National Recovery Administration

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National Recovery Administration

In 1933, the United States was in the throes of a severe economic depression. Unemployment was widespread, and the economic system was in chaos. An emergency measure was needed to alleviate the situation, and the members of President Franklin Delano Roosevelt's New Deal administration attempted to ease the problem with the passage of the national industrial recovery act (NIRA) (48 Stat. 195).

The chief provision of the act was the establishment of business codes to be enforced nationally. The codes included rules regarding fair competition, discontinuance of antitrust regulations for a two-year period, voluntary participation in unions, and establishment of shorter hours and better wages.

In June 1933, the National Recovery Administration (NRA) was created to supervise the execution of the NIRA under the direction of Hugh S. Johnson. During its first year, the NRA worked on the industrial codes; all participating businesses displayed a blue eagle, a sign of patriotism as well as acceptance of the program.

Many people regarded the NRA as too powerful, and in 1935 the U.S. Supreme Court declared the Codification system of the NRA unconstitutional in schechter poultry corp. v. united states, 295 U.S. 495, 55 S. Ct. 837, 79 L. Ed. 1570, due to the incorrect granting of legislative authority to the Executive Branch.

In 1936 the controversial NRA came to an end. During its brief existence, employment was stimulated, child labor was prohibited, and labor organization was encouraged.

Further readings

Bellush, Bernard. 1975. The Failure of the NRA. New York: Norton.

Himmelberg, Robert F. 1976. The Origins of the National Recovery Administration: Business, Government, and the Trade Association Issue, 1921–1933. New York: Fordham Univ. Press.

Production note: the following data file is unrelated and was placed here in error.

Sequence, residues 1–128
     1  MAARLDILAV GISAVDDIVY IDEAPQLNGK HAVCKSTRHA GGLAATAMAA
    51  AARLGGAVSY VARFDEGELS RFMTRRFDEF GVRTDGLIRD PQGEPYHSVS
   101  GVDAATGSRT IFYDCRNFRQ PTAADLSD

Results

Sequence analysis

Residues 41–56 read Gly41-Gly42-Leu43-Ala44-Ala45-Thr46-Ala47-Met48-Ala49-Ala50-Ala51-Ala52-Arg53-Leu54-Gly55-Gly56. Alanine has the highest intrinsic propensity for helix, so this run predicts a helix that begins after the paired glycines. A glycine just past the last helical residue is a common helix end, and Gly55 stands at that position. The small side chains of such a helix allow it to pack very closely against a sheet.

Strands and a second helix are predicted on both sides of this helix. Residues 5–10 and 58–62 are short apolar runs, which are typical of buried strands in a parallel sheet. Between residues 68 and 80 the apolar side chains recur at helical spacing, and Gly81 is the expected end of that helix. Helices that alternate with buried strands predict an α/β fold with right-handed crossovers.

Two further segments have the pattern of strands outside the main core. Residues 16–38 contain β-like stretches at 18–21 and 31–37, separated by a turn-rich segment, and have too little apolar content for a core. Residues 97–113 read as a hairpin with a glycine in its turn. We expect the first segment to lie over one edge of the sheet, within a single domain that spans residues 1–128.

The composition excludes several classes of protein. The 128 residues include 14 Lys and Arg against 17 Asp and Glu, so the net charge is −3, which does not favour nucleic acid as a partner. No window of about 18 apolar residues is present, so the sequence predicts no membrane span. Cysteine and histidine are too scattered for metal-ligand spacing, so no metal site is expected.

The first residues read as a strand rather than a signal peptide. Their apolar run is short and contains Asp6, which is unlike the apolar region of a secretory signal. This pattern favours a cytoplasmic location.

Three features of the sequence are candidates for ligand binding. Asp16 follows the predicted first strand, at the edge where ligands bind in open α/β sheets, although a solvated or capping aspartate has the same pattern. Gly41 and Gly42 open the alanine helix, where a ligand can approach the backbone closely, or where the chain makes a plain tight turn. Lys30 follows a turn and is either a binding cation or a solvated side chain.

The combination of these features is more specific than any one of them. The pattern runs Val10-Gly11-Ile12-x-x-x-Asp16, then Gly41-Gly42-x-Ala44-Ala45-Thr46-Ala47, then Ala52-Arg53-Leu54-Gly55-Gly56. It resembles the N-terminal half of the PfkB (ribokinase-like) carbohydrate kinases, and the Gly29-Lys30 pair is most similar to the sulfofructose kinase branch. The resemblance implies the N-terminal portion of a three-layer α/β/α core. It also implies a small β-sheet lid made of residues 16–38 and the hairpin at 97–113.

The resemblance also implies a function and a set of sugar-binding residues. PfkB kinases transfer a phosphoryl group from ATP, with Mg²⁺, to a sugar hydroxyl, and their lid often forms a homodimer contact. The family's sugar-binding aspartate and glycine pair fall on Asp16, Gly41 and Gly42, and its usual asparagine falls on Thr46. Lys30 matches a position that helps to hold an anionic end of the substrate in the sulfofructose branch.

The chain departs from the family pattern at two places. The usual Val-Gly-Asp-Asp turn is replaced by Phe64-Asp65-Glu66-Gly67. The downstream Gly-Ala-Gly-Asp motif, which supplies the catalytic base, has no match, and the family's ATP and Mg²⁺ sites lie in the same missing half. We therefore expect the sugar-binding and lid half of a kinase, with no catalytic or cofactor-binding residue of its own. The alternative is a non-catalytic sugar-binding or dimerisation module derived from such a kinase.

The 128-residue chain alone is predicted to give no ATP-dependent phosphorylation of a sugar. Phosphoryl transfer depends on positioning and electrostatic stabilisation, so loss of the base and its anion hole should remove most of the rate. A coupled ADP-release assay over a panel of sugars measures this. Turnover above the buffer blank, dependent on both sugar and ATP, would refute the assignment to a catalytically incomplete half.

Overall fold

References in periodicals archive ?
The establishment's strategy appears to be to relentlessly demonize the NRA as a stand-in for gun owners generally, and the unalienable rights enshrined in the Second Amendment specifically.
"We've never had incidents like that at NRA events," he said.
But pressure for at least modest firearms restrictions is heavy after 17 people were killed at Marjory Stoneman Douglas High School, which in turn raises the stakes for the NRA. Trump stunned his GOP allies last week when he sided with Democrats by urging quick and substantial changes to the nation's gun laws.
Those defections arrived after car rental company Enterprise Holdings, which also owns Alamo and National, said it was cutting off discounts for NRA members.
Gun Owners Solidly Support the NRA, Non-Gun Owners Mixed
A brief NRA statement three days earlier in which the group said it wanted to contribute meaningfully to ways to prevent school massacres led to speculation that compromise might be possible, or that the NRA was too weak to defeat new legislation.
Offline, some 300 protesters gathered outside the NRA's lobbying headquarters on Capitol Hill on Monday chanting, "Shame on the NRA" and waving signs declaring "Kill the 2nd Amendment, Not Children" and "Protect Children, Not Guns."
Every year we hear from grumpy NRA members threatening to resign over bad legislative decisions, aggressive and alarmist fundraising tactics, or overpaid executive staff.
Mr Justice Peter Kelly noted, if the NRA was correct, it was accepted there was no means whereby overcharged motorists would be compensated.
Part of the blame lies with the NRA itself because this is the first time people are being checked to see if they have complied with the VAT act.
The NRA needs to decide if they are an advertising wing of gun manufacturers, or a real advocacy group for gun owners.